Don’t Live in “Scare City” this Christmas

Yes, it’s mid October and I’m already writing about Christmas. Ho, Ho, Ho, the only surprise might be that I’ve not written about it sooner. I’m not sure what stores are like where you live but around Columbus, Ohio mega-malls are big business and very soon you’ll see Christmas on display. What this means in many cases are great deals to lure shoppers into the stores early. In the retail war the initial battle is to win your attention. “Battle” is not too strong a word because according to Dawn Hudson, Senior VP Marketing at Pepsi, “The average American receives more than 3,000 marketing messages a day!”
So how can a marketer help a retailer stand out from the crowd? A favorite tactic of marketers is to utilize the principle of scarcity to motivate you to get off the couch and visit the store. Scarcity is the term we use to describe the psychological response where people tend to place more value on things when they believe those things are rare or dwindling. If you’re wondering why this is used any more than other methods that’s because it works primarily on the subconscious level. In his book Influence Science and Practice Robert Cialdini describes our almost automatic response as a “click whir” phenomenon.
A while ago a friend at work who sat in on my influence training stopped by to give me an advertisement that caught his eye. He was aware of the influence approach Bed, Bath and Beyond took in this mailer his wife received.

The 20% coupon isn’t much different than most retailers. What was different with this one was the call to action: The Sooner You Use it the More it’s Worth! By using the coupon right away you save 20%, but if you wait it’s only worth 10% later. I think that approach is creative for a couple of reasons.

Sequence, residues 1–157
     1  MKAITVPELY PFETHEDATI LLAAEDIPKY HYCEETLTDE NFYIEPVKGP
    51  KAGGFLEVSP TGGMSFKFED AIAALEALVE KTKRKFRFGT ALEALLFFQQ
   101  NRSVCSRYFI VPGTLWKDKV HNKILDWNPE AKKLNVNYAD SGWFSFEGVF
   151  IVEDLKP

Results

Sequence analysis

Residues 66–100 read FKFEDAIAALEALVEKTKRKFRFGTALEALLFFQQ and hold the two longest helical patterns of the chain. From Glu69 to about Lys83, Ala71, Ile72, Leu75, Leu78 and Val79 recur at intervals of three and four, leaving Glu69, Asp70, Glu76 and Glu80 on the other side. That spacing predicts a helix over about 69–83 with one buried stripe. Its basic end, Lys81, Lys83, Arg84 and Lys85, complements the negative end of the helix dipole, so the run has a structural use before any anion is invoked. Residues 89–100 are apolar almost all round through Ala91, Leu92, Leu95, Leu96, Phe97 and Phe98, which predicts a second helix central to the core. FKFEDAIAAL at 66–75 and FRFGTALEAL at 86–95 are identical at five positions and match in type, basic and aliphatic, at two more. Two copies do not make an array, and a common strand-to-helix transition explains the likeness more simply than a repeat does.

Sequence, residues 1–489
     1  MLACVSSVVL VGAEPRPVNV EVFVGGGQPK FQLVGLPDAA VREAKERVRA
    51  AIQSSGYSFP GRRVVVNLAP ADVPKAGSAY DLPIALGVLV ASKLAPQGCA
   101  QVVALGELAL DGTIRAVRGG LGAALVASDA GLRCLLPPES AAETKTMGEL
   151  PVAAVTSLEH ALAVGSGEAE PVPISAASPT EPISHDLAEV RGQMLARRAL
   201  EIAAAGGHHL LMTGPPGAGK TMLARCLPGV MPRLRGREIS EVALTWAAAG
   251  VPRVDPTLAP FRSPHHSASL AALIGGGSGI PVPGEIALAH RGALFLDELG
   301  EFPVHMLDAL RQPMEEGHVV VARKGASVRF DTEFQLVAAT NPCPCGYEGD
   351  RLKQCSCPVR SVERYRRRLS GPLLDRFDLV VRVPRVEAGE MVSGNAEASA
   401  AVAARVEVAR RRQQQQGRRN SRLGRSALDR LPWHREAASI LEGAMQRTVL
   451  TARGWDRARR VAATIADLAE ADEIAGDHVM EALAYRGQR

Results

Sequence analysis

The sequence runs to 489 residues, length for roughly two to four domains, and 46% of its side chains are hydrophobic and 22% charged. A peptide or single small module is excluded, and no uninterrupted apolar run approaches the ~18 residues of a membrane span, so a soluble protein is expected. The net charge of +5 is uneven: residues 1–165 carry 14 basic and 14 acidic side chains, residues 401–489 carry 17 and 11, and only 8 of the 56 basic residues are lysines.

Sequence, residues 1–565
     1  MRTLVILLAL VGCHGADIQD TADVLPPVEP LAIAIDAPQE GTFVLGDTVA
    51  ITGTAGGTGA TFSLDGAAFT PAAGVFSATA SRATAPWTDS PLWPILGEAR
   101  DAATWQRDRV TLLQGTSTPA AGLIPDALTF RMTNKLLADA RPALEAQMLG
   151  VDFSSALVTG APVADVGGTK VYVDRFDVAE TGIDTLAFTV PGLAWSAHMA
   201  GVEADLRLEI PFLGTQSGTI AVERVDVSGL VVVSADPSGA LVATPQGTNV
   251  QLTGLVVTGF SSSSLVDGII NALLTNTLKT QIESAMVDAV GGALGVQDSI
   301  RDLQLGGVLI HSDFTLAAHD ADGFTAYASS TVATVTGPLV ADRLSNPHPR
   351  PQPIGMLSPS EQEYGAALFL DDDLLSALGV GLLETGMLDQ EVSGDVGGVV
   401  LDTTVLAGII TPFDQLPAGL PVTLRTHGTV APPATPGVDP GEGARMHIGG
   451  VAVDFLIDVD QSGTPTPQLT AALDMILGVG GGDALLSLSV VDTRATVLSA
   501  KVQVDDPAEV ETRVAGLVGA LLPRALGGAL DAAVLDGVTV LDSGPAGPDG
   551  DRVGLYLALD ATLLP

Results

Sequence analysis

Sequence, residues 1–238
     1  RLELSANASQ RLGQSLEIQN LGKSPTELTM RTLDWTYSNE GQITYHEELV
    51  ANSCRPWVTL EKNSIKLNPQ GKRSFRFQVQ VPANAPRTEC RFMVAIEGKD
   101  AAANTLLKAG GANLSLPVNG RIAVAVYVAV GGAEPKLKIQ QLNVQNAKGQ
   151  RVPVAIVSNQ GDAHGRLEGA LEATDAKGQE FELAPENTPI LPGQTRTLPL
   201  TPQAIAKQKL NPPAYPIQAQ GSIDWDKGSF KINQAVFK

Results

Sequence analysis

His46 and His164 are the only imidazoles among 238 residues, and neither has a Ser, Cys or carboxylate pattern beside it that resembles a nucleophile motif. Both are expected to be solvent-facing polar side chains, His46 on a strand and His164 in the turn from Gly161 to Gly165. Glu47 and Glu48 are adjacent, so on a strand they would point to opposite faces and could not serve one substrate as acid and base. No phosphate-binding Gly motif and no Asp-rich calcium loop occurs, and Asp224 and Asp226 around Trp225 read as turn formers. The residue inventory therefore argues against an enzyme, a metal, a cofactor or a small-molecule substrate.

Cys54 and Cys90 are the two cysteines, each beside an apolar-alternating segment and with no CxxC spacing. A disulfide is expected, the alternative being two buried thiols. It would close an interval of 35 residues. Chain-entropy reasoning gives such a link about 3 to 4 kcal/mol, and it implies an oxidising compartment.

First, the ad incorporates the compare and contrast phenomenon. Most things only have value, or make sense in relation to other things. For example, if I offer you $20 you’re probably pretty happy. But, I’m willing to bet if I offer you $10, then change my mind and give you $20 instead, you’re much happier than having been offered $20 straight up. Why? Simple, now my offer is twice as much as you originally thought you were going to get. If you don’t believe me try it with a few people sometime and see how they react.

The second element of the ad that works well is how it incorporates scarcity. If you don’t use the mailer now it’s only worth half as much later. On the back of the mailer you would have seen the recipient had four full weeks to save 20% on one item, then four more weeks to save 10% on a single item. Something about that seems more motivating to me than a straight up use it or lose it approach.

Pay attention as the Christmas ad bombardment begins. Not only will you see scarcity applied, you’ll see consensus too. After all, if everyone is buying a certain gift you’re kids will probably want that same item too. But if you don’t hurry you might just miss that golden opportunity so get it soon for your kid’s sake! Seriously, there may be great deals and some items might truly be limited but with your eyes open to how retailers are trying to motivate you at least you can pause, think and make the best decision, instead of an impulsive one.
Brian, CMCT
Helping You Learn to Hear “Yes”.

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